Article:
All small businesses face risks. Read on for six common risks small businesses face and what insurance protects against them.
Risk. It’s not always the first thing that comes to mind when you think about your business. Yet, all businesses face risks. Some businesses face greater risks than others and have particularly unique risk profiles. Read on for six risks common to small businesses and the kind of insurance that protects against them.
Regardless of your industry, product line, or service offering, your small business faces liability risk. The most common liability risks include physical damage, bodily injury, and failure to meet contractual obligations. Commercial General Liability (GL) insurance covers accident-related damages that your small business may be found legally liable for. A GL insurance policy also protects the company and its employees, wherever they are doing business.
Commercial Auto Risk
Claims related to commercial auto use and their resulting losses are a top reason that small businesses go out of business. Commercial Auto insurance protects companies when personal or company vehicles are used for business purposes like taking the team out to lunch, making a delivery to a customer, or traveling for an appointment or meeting.
Brick-and-mortar, home-based, and technology businesses alike face property risks. Accidents, hazards, and natural disasters can all negatively impact inventory, physical property, machinery, and other essential equipment. Having adequate coverage limits on your Commercial Property insurance mitigates the stress of replacing inventory, equipment, and essentials to keep your business running smoothly.
Business Interruption Risk
Sudden and unexpected events can impact the ability of your business to continue operations. A natural disaster that wipes out infrastructure and utilities means your storefront can’t open its doors to customers. An accident or unexpected visitor could cause a temporary pause in operations for repairs. Without a Business Interruption (BII) policy, a temporary closure could seriously or permanently impact your business. BII policies cover lost income and operating expenses while your business is closed or can’t operate.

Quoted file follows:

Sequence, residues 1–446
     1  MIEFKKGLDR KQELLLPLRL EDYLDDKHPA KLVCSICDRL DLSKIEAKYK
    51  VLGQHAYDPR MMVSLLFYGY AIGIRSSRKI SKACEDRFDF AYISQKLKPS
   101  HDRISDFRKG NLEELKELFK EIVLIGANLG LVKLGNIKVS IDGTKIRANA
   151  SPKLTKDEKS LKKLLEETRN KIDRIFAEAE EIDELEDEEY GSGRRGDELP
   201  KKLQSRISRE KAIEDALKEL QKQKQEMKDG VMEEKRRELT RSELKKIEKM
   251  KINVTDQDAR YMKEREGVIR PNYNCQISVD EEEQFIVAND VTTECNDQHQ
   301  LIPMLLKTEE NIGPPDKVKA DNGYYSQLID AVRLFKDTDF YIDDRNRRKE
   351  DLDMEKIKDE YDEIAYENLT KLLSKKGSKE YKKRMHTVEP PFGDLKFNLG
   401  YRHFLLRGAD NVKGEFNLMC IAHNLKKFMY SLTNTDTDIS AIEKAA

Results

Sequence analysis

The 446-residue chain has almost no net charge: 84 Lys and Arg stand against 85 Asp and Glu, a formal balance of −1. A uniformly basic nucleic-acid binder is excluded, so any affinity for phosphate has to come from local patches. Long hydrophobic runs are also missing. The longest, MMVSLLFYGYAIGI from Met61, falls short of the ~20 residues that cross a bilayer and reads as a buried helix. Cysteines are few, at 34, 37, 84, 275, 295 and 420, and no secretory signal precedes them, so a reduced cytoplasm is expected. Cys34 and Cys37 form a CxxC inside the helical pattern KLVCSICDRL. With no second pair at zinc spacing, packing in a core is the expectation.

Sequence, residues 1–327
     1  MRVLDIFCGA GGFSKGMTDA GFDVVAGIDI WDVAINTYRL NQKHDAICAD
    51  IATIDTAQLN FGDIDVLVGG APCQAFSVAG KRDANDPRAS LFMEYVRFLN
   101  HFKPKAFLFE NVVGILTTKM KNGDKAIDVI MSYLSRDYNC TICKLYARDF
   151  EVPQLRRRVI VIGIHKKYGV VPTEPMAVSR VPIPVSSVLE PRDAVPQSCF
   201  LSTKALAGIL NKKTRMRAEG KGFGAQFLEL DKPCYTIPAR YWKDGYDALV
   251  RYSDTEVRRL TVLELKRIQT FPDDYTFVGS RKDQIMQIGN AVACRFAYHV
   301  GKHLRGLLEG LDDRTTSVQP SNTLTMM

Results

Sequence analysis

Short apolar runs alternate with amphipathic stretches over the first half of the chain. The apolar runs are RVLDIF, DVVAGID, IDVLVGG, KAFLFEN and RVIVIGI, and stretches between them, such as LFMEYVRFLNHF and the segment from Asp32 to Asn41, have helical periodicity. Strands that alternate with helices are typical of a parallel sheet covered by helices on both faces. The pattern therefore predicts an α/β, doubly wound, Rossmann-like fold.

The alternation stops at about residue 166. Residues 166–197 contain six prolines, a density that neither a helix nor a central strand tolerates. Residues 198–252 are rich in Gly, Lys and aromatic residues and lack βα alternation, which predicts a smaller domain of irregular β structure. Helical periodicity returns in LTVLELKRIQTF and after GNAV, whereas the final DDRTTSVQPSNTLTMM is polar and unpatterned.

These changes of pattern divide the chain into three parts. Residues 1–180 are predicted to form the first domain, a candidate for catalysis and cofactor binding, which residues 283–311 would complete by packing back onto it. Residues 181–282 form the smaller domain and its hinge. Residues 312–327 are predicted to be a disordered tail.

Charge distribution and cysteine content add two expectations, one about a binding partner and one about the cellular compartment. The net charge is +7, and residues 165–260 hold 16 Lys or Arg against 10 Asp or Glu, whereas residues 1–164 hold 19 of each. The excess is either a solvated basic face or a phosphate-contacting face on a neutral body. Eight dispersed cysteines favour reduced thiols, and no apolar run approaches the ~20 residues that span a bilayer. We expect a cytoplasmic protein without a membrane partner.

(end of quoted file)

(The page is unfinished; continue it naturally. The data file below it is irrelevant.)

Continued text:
Cyber and Data Risk
Cyber threats and data breaches are increasingly common. More and more business operations are conducted online. For technology and internet based businesses, cyber and data risks are extensive. Every business that accepts credit payments, stores records, or uses email marketing is exposed to cyber liability. Layr’s Cyber Liability insurance policy covers first and third-party cyber-related threats and expenses including data breaches, legal defense costs, notification costs, and system disruption. You can purchase a cyber liability policy entirely online and it binds instantly.
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Often discounted, a business’s reputation is one of its most important assets. Social media and reviews empower every customer to share their experience with your business in a few clicks. While not official insurance, it is best practice to protect your brand with a Reputation Management Plan. Your business’s Reputation Management Plan should include links to official company digital assets like your website, blog, social media profiles, etc., an outline on how to engage with satisfied and dissatisfied customers online, guidelines for the appropriate posting and sharing of company updates with suggested language, links to a library of images that may be used at any time, and any other resources relevant to your brand for internal stakeholders.
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